Bathhouse dedicated in North Hampton
Gov. Maggie Hassan also braved the weather to cut the ribbon on the expanded facility, which mimics the design of the new Hampton Beach State Park facilities just a few miles down the coast.
The bathhouse project was over a year in the making and required the support of voters in Rye and Hampton, as well as the state Legislature, which committed $450,000 to the $600,000 project.
Before the construction, the modular bathhouse was in a state of serious disrepair. The septic system had failed in 2004, and was being pumped at least three times a week during the summer. The new bathhouse is connected to the Rye sewer line, just 50 feet away, and the waste is pumped to the Hampton Wastewater Treatment Plant after voters approved the project by a 2-1 margin in March 2012.
Jeffrey Rose, commissioner of the Division of Resources and Economic Development said it is an important investment in the state park system.
He said they want to make sure visitors have a great experience at all of the state's 92 parks and good amenities are part of that.
State Sen. Nancy Stiles, R-24, said they are going to keep working up the coast to make buildings at the Seacoast parks look similar. The next one up the line is Jenness Beach in Rye, which has a similar bathroom facility to the one demolished at North Hampton.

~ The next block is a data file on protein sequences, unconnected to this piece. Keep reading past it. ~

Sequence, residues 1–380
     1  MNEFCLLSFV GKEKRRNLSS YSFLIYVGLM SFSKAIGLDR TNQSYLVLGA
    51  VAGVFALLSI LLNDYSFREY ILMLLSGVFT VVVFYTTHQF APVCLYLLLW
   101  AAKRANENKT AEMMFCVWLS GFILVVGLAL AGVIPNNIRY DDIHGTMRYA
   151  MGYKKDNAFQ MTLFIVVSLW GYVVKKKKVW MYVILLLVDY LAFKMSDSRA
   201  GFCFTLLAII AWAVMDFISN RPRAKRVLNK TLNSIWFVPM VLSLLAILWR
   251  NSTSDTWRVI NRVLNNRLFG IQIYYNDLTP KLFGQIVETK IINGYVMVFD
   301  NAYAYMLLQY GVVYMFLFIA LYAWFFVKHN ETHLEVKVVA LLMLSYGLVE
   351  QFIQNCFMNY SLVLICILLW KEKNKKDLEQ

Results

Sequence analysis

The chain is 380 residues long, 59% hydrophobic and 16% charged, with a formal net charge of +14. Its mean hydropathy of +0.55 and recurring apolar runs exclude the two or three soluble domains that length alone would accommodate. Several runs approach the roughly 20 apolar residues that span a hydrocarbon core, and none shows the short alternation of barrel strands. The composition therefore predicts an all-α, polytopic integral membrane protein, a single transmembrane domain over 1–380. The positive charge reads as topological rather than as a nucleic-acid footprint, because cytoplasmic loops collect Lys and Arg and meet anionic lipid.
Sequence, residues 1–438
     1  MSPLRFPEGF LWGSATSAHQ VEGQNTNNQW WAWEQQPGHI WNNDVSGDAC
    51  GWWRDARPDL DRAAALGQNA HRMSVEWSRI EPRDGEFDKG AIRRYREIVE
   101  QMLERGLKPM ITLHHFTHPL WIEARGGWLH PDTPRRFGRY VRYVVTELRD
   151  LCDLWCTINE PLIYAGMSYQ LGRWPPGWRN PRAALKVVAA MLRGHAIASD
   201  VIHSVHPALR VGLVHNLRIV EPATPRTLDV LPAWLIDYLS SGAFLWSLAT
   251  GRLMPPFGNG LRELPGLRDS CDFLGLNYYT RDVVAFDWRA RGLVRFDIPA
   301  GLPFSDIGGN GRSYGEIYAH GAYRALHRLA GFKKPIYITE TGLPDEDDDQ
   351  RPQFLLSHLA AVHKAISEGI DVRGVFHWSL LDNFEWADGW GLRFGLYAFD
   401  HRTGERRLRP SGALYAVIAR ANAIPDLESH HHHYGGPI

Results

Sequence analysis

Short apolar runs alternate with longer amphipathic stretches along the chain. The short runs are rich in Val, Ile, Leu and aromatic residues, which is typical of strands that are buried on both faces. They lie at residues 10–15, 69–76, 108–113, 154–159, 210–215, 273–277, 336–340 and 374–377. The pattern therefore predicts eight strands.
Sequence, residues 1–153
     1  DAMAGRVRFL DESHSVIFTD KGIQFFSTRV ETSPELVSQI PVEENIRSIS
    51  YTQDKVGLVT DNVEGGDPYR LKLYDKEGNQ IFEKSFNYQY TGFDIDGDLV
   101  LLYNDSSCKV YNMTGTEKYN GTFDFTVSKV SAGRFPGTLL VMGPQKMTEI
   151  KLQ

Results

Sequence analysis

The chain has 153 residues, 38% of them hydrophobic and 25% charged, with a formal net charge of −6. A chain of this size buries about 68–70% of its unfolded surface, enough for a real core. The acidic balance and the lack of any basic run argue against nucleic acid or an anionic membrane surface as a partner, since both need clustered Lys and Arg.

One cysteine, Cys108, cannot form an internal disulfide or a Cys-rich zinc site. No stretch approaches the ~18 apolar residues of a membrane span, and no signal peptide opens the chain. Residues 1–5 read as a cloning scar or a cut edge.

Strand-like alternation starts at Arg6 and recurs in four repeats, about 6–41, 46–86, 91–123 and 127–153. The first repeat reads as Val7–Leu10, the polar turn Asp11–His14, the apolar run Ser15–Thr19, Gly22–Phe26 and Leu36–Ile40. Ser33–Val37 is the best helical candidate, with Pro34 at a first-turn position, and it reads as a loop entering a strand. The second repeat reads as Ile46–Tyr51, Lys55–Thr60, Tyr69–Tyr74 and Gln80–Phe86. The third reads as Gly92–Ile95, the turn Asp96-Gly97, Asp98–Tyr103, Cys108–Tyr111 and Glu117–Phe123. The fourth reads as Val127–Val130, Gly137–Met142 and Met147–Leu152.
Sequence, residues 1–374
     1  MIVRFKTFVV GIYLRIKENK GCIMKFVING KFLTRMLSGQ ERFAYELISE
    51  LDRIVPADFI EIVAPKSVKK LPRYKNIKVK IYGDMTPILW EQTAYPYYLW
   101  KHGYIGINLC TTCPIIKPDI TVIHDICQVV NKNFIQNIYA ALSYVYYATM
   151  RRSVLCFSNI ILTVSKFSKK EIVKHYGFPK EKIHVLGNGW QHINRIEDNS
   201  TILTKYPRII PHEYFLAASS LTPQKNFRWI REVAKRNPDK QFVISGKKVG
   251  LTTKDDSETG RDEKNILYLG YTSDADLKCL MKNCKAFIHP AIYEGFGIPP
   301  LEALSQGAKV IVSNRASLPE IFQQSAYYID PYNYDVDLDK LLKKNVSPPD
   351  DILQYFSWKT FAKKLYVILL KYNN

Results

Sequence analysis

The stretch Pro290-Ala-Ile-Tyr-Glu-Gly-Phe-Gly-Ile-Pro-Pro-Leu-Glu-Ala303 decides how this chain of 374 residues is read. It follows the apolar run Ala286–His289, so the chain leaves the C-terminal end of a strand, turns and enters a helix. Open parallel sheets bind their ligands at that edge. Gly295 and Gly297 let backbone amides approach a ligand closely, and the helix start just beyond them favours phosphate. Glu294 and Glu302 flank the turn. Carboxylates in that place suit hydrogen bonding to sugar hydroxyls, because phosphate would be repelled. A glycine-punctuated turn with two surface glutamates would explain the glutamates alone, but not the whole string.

Former Executive Councilor Chris Sununu referred to the former North Hampton bathhouse as the last "black eye" on the Seacoast and as a local resident, he had started going to Rye because the facility was in such bad shape. "I'm just excited to use it," he said.
The finishing touches are being done now and the bathhouse is scheduled to open the weekend of June 15.
Hassan said it was an important day and event for the economy of the Seacoast and the whole of New Hampshire.
"As the second largest industry … the travel and tourism industry is integral to New Hampshire's economy," Hassan said. "Our beaches are among our most prized attractions."
Tamera Saal has lived in North Hampton for 19 years and said the former bathhouse was "disgusting."
"It is really the only way you can describe it. There was always something on the floor … you wouldn't use it if you didn't have to," Saal said.
She said a handful of residents led by mom Amanda Peterson pushed for the state to do something about it.
They questioned what the state was doing with the money collected at the parking meters at the beach.
"They got the ball rolling. I'm not sure the state would have done anything without the residents," Saal said.
The new bathhouse is double in size, has more fixtures, is accessible to people with disabilities and has dedicated changing areas for babies.
"One of the problems with the old building, is there were just worn out finishes, so someone could clean and clean and it didn't look clean. It was discouraging to staff. This will be a whole lot better," Tom Mansfield, department architect for DRED, said.
The building uses the same fiber cement siding used on the Hampton Beach buildings and Mansfield said he hopes it is good for the next 50 years.
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